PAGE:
As you prepare for a robust performance review discussion with your employee, you will likely encounter at least one of the following situations:
- That’s not my job
The employee who should be doing more tasks but has conveniently reshaped their job to include the functions they enjoy doing and eliminate the functions they don’t like or don’t know how to do
- It takes two people to do one person’s job
The employee who has the knowledge and skills to perform the tasks and responsibilities of the full job description but doesn’t have the confidence to do those tasks and responsibilities at 100%, on their own, without constant reinforcement from the manager or other employees.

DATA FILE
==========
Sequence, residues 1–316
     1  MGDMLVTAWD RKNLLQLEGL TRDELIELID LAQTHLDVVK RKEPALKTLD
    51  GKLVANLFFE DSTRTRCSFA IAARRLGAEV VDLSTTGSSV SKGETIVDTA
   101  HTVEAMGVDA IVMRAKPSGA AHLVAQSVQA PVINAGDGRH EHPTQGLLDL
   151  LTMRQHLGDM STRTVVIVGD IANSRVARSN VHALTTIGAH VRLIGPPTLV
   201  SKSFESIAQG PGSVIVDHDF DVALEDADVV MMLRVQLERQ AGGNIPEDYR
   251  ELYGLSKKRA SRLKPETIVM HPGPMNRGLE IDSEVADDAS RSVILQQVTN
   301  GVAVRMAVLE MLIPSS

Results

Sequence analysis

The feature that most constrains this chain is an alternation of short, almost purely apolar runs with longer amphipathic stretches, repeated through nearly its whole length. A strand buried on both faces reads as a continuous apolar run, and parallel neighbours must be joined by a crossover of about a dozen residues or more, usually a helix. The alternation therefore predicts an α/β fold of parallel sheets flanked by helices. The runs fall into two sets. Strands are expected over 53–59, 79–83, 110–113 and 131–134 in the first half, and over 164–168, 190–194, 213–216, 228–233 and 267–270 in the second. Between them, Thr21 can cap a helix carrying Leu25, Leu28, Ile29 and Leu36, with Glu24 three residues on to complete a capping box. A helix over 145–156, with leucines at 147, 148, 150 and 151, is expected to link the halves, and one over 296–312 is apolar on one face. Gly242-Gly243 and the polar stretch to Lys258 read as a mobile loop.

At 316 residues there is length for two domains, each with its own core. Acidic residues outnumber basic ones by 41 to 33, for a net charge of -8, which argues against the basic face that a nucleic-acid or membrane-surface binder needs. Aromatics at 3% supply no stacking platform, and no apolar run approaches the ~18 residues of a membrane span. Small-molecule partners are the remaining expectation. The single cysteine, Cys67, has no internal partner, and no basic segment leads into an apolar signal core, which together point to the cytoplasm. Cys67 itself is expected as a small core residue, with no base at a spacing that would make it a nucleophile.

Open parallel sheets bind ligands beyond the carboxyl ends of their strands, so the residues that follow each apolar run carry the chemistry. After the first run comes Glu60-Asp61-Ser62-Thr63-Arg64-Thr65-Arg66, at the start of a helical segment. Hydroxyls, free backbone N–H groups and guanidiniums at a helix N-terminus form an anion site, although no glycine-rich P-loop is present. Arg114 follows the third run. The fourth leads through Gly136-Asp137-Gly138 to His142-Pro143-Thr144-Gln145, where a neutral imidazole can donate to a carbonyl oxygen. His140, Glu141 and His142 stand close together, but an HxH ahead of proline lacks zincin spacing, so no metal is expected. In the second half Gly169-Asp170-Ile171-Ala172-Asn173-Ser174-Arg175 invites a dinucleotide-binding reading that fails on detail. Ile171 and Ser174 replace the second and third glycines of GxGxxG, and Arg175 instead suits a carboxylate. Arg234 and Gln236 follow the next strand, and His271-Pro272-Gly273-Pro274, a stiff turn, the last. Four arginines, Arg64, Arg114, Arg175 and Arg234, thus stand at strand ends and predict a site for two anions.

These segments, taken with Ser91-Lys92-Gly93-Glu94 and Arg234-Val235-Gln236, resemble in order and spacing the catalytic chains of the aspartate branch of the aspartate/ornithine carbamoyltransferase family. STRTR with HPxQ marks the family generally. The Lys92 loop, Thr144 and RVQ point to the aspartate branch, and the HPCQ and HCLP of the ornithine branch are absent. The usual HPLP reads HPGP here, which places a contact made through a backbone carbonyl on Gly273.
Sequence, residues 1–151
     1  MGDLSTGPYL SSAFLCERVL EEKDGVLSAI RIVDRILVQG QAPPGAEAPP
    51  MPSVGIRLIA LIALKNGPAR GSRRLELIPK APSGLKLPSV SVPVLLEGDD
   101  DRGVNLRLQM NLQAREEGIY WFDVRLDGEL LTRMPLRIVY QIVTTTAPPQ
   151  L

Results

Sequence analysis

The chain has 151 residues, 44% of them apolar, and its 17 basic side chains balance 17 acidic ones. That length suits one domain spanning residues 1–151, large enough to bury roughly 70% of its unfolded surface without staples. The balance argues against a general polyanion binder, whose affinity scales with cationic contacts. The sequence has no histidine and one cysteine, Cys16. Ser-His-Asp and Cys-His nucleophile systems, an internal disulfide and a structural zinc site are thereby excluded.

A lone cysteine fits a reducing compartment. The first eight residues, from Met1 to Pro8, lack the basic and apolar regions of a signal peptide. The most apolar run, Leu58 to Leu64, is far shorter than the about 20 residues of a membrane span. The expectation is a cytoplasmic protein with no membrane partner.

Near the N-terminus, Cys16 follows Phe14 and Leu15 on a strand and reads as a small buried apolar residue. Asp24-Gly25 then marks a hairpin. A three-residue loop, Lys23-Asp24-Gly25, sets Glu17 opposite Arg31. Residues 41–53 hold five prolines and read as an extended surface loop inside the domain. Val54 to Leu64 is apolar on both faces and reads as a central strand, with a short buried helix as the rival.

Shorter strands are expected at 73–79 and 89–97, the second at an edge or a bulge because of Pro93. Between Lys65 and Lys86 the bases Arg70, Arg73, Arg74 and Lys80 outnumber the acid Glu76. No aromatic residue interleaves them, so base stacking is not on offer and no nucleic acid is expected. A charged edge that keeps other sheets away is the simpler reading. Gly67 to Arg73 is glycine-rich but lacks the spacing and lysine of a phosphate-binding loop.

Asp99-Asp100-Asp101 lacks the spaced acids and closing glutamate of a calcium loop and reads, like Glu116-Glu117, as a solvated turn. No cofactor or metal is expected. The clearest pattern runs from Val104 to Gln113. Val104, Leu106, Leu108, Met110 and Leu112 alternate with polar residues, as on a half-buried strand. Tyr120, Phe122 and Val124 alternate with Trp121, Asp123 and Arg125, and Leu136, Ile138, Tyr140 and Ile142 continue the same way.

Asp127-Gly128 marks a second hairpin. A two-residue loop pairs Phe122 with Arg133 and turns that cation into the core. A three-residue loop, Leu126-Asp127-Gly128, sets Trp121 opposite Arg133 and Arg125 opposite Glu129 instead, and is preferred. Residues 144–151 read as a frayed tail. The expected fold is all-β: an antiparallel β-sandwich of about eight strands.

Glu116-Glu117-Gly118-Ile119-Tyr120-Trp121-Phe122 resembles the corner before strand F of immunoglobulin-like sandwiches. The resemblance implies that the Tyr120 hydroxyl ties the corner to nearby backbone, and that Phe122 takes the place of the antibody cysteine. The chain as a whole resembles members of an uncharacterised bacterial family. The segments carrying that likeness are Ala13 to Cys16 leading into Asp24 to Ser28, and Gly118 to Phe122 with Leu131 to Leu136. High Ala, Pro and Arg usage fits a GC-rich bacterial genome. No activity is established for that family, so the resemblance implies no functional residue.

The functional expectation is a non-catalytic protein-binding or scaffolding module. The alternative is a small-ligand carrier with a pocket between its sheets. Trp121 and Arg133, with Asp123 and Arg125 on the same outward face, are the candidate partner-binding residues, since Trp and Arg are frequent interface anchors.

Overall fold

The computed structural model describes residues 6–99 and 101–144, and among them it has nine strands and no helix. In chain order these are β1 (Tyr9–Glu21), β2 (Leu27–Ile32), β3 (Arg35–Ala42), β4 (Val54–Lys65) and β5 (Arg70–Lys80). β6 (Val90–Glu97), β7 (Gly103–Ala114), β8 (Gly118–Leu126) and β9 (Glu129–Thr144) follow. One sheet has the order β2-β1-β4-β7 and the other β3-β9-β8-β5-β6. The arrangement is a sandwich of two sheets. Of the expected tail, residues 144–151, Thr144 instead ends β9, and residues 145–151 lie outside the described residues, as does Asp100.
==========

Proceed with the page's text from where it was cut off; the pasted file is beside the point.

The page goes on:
- The helicopter manager syndrome
The employee who can perform their tasks and responsibilities when the manager hovers over them, but the minute the manager stops hovering, the caliber of the work slips again. This employee can do the job, but either can’t or won’t sustain peak performance on their own.
What do all these employees have in common? They are all busy doing work but, when measured against the the job description benchmark, they all fall short of ideal performance.
In a recent meeting with managers, we were discussing the elements of conducting a successful performance review meeting and the following questions came up:
- How do we hold an employee accountable for increased performance?
- What if the employee thinks they are doing a great job and doesn’t agree with us?
- How do we keep the conversation from going around in circles and not achieving consensus or agreement on performance standards?